This is a guest post for Integrate.io written by Bill Inmon, an American computer scientist recognized as the "father of the data warehouse." Inmon wrote the first book and first magazine column about data warehousing, held the first conference about this topic, and was the first person to teach data warehousing classes.
Five things you should know about this topic:
- End users typically don't know much about computers for various reasons. For example, computers are difficult to build and require a specific mindset.
- That's why it’s important to manage end-user expectations when incorporating a new system into your organization.
- Bill Inmon outlines five expectations for end users when learning about a new system: Automation, access, speed of access, integration, and integrity. End users have these expectations whether or not they have seen a computer system before.
- You can compare end-user expectations with popular data architecture types such as data mesh and the data warehouse.
- Inmon argues that only the data warehouse architecture fulfills user expectations, making it a good choice for your organization.
End users don’t know much about computers for a lot of reasons:
- Computers are complex to build and use
- Computer courses have been taught in many schools for a while now
- Computers require a certain mindset
- Students invested in other disciplines don’t have much time to study computers
As a result, end users end up in accounting, marketing, sales, or finance with only a scant or limited knowledge of computers.
So what happens if you start talking about building a new computer system with your end user? What is going on in their mind? What are their assumptions and expectations?
Learn more about managing end-user expectations below.
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Presumptive End User Expectations for a System
Assume your end user knows little or nothing about technology (which is a typical state of mind). Then, start talking with your end user and their expectations for the system being discussed.
The following chart shows presumptive end-user expectations for a system being built:
The first thing your end user expects is an automated system. It doesn’t do the end user much good to expect anything else. This is the most basic of the end user’s assumptions.
The second basic thing the end user expects is to be able to access whatever data is being presented. Again, a computerized system would be worthless without meeting this expectation.
Speed of Access
The third basic thing the end user expects is to be able to access data in a reasonable amount of time. This issue can be complex because the waiting time for access is very different for different kinds of data. If you are at an ATM machine, you expect a sub-second response time. But if the IRS is auditing you, it may take you a week to find checks you wrote ten years ago. So speed of access to data is a very relative thing.
Another thing the end user expects is integrated data across their enterprise. When the end user refers to monthly revenue, they mean corporate revenue, not sales forecasts or marketing revenue.
Finally, the end user expects requested data to be accurate and have integrity. Data from a spreadsheet that someone has concocted half an hour ago is not what the end user expects. The spreadsheet could say anything and have no basis to reality in any case.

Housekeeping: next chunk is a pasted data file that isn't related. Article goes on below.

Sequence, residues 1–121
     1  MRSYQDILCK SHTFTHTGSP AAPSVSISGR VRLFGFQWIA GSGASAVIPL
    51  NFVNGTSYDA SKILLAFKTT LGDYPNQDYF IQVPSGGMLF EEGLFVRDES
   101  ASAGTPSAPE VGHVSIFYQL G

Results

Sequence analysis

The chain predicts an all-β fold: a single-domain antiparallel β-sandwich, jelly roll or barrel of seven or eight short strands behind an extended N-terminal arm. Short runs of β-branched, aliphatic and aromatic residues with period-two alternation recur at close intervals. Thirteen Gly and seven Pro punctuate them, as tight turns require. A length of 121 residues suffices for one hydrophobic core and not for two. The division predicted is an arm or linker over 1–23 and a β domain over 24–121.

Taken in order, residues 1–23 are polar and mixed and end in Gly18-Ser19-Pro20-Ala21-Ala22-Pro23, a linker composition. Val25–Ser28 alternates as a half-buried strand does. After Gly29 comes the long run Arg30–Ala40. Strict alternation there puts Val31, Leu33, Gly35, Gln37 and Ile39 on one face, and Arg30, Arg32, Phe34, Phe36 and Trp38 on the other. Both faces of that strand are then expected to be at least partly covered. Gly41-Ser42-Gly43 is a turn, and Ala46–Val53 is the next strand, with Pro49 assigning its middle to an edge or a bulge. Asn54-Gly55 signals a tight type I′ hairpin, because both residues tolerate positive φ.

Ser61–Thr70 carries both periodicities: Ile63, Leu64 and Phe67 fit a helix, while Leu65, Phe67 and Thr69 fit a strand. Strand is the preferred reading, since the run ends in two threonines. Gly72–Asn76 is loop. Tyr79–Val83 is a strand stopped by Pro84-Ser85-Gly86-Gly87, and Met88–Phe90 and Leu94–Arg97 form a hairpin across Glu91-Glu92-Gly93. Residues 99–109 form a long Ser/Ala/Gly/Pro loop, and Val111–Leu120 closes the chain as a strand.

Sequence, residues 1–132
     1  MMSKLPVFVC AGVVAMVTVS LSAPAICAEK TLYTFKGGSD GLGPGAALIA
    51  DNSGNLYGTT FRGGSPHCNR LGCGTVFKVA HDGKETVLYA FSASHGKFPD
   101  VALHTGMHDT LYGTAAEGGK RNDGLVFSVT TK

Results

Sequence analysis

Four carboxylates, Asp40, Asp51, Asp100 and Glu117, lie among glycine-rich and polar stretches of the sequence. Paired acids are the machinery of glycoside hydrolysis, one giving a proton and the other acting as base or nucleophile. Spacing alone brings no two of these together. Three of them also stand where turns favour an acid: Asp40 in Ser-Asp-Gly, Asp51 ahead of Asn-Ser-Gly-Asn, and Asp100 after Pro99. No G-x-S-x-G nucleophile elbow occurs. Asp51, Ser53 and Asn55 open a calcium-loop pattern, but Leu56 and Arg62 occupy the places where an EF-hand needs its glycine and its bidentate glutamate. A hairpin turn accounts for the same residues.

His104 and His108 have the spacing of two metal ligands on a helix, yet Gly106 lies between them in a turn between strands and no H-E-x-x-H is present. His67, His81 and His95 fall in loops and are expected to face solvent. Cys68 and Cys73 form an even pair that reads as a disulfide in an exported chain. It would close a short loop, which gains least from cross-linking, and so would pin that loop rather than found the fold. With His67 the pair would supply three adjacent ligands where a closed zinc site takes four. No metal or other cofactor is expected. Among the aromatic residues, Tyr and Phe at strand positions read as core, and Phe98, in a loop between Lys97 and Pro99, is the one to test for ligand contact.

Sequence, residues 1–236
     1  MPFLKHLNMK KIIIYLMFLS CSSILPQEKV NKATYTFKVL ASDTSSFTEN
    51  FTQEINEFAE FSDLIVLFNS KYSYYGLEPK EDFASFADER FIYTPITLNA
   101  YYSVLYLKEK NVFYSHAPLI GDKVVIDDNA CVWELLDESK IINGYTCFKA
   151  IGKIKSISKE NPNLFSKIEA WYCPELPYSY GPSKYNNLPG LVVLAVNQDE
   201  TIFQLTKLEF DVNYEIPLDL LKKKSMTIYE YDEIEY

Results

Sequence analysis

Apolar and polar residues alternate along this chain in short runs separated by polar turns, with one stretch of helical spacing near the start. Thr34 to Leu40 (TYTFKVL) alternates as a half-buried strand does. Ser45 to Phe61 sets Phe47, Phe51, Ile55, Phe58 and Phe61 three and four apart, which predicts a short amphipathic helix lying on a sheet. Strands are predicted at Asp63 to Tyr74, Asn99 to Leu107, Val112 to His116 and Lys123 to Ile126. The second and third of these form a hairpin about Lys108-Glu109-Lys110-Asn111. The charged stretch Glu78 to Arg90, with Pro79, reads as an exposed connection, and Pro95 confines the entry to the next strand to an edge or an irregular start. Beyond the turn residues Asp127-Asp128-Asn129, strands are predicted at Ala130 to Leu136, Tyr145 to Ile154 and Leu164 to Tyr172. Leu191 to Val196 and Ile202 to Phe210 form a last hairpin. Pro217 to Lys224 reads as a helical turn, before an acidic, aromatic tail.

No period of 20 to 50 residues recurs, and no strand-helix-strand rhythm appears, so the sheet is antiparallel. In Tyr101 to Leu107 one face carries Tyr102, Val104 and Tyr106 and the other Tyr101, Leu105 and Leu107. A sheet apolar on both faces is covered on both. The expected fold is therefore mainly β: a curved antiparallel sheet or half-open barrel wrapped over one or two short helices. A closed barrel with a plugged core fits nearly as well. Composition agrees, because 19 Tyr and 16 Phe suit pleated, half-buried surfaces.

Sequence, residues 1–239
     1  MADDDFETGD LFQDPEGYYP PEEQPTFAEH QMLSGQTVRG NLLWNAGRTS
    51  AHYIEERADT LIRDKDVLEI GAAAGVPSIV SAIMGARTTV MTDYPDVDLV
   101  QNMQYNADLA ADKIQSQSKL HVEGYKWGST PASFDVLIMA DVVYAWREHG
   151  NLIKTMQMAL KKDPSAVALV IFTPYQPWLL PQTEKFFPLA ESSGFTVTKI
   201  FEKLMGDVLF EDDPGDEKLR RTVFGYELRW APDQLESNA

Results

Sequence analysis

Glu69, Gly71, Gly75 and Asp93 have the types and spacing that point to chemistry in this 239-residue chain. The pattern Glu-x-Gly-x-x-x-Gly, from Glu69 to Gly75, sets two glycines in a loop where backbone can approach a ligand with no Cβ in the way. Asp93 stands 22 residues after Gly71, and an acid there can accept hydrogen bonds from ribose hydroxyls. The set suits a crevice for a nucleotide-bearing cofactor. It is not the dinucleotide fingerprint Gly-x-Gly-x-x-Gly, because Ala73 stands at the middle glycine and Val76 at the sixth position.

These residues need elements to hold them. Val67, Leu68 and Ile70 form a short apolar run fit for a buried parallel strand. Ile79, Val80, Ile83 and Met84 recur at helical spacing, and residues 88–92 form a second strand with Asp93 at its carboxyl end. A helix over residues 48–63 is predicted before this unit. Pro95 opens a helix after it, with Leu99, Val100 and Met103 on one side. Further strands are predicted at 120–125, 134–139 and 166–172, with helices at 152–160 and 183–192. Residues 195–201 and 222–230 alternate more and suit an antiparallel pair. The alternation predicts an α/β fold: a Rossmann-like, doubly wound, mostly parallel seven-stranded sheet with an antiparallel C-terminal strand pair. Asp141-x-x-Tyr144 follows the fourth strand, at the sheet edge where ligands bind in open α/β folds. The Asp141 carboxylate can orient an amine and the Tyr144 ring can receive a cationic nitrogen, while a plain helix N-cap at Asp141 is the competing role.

The end-user has these expectations whether or not they have ever seen a computer before. They assume data and all automated systems have these characteristics.
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End User Expectations and Popular Data Architectures
The following chart matches up end user expectations with some of the popular architectures out there: Data mesh architecture and data warehouse architecture.
Data mesh meets some of the basic issues of end-user expectations. When it comes to automation, access, and speed of access, data mesh is a good fit. However, data mesh doesn’t meet integration and integrity at all. Or is it just an accident if those qualities are found in a data mesh architecture?
Now compare the end user’s expectations with data warehousing. Data warehousing fulfills ALL expectations.
It is true that a data warehouse architecture takes a lot more effort to build than a data mesh architecture. But the data warehouse fulfills ALL of what the end user simply expects to be in a system. The data mesh architecture does not.
So why does a data warehouse architecture take more effort to build than a data mesh architecture? The answer is simple. In order to build a data warehouse, you have to integrate data. With data mesh, there is no need to integrate data. And, however you do it, integration takes time and work.
When you start to compare data mesh and data warehouse architectures, you have to ask yourself the questions: Do I want something that is cheap and fast to build but fulfills only some of my end users’ expectations? Or do I want something that is more difficult to build that will fulfill all of my end users’ expectations?
The choice is yours.
The data warehouse architecture can help you meet all user expectations. Move data to a supported warehouse with Integrate.io’s out-of-the-box connectors and reduce the time it takes to build complex big data pipelines. No data engineering experience is required! Schedule a demo now.
Bill Inmon, the father of the data warehouse, has authored 65 books. Computerworld named him one of the ten most influential people in the history of computing. Inmon's Castle Rock, Colorado-based company Forest Rim Technology helps companies hear the voice of their customers. See more at www.forestrimtech.com.